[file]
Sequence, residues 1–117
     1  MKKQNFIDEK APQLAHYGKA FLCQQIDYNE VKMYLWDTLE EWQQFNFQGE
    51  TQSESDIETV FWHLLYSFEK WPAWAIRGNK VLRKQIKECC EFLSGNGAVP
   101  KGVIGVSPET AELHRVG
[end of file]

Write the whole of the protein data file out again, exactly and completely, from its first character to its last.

Sequence, residues 1–117
     1  MKKQNFIDEK APQLAHYGKA FLCQQIDYNE VKMYLWDTLE EWQQFNFQGE
    51  TQSESDIETV FWHLLYSFEK WPAWAIRGNK VLRKQIKECC EFLSGNGAVP
   101  KGVIGVSPET AELHRVG